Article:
This article, originally published by Al Zucaro on BocaWatch.org, is preserved for historical purposes by Massive Impressions Online Marketing in Boca Raton.
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Further editorial update: Draft sign ordinance (Ordinance 5288) introduced at November 12 Council meeting. Click here for details. Passed by Council at the November 25 meeting.
Editorial update: at October 27th’s City Council Workshop Councilmen Weinroth & Singer addressed the overabundance of signs. Driving around today, October 28, we already notice a reduced number of signs. Keep up the good work!
October 25, 2014
Since the year 2008, I have requested an updating and reevaluation of the Boca Sign Code that addresses the problem of sign pollution on Boca’s highways and byways. The current political season has brought sign pollution in Boca to a new high or should I say low?
After researching the City Code, I found that political candidates who wish to put up more than 10 signs post a refundable $100 bond for a “Temporary Permit for Political Signage within the City Limits of Boca Raton up to 90 days before an election”. They are notified on their applications that the state of Florida has provisions in Chapter 479 of its Statutes, which address political signage on State and County roadways in the city of Boca Raton. However, the City of Boca Raton does not enforce the Florida Statute.
Newly elected Councilman Robert Weinroth stated in the Sun Sentinel on March 14, 2014 “that legally speaking, political signs can’t be put up on the center medians of the city, but there is no enforcement of any violations.” The bottom line is that political candidates are free to erect an unlimited number of campaign signs throughout the city.
Sign pollution continues unabated, in part, because the city’s sign criteria were last updated in 1993 and there are few Rules and Regulations today that address the number of signs that can put up and the locations where signs are prohibited. This includes private, public and commercial properties.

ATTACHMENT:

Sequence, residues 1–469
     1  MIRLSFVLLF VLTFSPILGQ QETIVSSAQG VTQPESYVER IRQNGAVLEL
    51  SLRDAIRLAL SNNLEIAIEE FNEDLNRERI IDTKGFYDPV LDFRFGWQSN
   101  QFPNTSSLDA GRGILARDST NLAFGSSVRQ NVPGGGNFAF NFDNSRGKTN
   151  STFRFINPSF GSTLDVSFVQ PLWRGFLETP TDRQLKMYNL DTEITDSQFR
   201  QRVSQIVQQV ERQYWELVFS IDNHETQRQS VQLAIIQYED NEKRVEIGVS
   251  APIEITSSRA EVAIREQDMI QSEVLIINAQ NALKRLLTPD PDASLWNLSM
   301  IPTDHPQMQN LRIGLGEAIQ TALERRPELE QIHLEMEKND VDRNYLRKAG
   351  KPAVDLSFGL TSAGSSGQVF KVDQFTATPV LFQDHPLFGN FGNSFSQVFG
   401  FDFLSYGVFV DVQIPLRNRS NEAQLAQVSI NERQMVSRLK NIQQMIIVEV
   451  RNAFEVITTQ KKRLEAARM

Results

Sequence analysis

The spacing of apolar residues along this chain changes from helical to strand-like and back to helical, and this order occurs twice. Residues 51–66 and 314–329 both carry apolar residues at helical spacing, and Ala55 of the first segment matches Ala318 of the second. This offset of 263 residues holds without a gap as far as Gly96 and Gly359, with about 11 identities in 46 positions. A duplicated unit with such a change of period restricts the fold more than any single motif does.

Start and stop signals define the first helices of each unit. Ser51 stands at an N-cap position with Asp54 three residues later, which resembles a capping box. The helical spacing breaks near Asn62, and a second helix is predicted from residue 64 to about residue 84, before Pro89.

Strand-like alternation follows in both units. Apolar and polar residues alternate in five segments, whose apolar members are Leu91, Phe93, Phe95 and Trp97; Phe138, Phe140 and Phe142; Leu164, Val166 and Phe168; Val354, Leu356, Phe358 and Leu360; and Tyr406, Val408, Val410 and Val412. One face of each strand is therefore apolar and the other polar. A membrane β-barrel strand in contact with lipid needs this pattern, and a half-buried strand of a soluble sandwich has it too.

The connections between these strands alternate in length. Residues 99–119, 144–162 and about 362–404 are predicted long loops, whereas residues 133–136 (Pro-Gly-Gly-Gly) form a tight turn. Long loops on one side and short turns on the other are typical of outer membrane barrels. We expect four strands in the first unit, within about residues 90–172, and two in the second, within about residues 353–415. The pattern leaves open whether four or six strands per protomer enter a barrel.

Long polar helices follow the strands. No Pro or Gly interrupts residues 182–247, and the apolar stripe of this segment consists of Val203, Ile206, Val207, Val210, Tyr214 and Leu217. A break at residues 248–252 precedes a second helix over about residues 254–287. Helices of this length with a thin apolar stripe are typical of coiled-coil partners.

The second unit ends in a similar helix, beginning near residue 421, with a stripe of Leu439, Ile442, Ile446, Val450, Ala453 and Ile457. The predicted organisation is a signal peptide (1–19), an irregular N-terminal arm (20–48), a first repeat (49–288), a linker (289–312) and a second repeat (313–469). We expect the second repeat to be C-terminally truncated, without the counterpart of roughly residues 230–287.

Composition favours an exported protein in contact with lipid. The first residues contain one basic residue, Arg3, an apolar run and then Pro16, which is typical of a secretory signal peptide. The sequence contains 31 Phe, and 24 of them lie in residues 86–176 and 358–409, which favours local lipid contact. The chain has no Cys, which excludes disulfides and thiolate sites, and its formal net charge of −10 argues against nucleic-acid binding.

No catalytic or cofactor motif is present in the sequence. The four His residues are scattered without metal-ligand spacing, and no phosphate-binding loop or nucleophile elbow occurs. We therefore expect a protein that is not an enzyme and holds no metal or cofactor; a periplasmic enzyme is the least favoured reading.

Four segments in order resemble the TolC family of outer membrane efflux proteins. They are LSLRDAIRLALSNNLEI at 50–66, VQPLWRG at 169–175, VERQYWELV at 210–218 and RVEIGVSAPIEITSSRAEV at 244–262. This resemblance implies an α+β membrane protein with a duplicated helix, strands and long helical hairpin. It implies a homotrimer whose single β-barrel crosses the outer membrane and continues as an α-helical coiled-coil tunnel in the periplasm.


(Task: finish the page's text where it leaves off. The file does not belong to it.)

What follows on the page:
Sign pollution has increased every year due to the fact that our city government has been unwilling to control it. This became patently clear during the current Gubernatorial, Congressional and other Midterm elections scheduled for Tuesday November 4th. Since there are twelve or more candidates running for office, they have saturated our roadways and buildings with hundreds of campaign signs to a degree that have never been experienced before.
Real Estate Signs
Political sign pollution is seasonal; however, realtor sign pollution is with us year round. Real estate sign pollution began six and one half years ago when South Florida suffered from a severe recession that resulted in a sharp decline in the real estate market and a downturn in population growth. Local Realtors were granted a temporary exemption to a ruling in the Boca Sign Code that states, “Real Estate Signs will not be permanently installed and displayed for long periods of time”.
Jim Batmasian, CEO of Investments Limited, arguably the most powerful Realtor and largest property owner in the city, took immediate advantage of this temporary exemption and quickly installed a multitude of permanent advertising billboards on his many properties throughout the city that remain to this day.
Real estate signs and billboards were intended to be “installed and displayed “on a temporary basis only. However, they have become a permanent feature throughout our city. Realtors install large billboards in the front of the many properties that they own or represent. The major purpose of these signs is to promote and advertise their real estate agencies. The pretext for the signs is the need to lease unoccupied office space and retail space. Realtor billboards have caused considerable harm to the environment of Boca Raton, and the time has clearly come for them to be removed.
The time has come for the City Council to formulate a three point plan of action that should be implemented as soon as possible:
(1) The Provisions in the Statutes of the State of Florida, concerning the placement and usage of political and other kinds of signs on State and County Roadways should be enforced immediately.
(2) Boca Raton should adopt the successful signage regulations of Coral Springs. To be specific, the Coral Springs ordinance states that , “No election sign shall be allowed to be located on a roadway median. No more than one election sign per candidate shall be allowed to be located on private properties and political signs are restricted to certain designated areas on public properties.”
(3) Both Florida Statutes and a stringent new Boca Sign Code must be enforced with sufficient fines for violations to effectively deter violations.
Boca Raton has spent thousands of dollars on their beautification of its roadway. Failure to update the sign code and failure to enforce both local and state sign ordinances rob us of the benefits of Boca’s beautification efforts.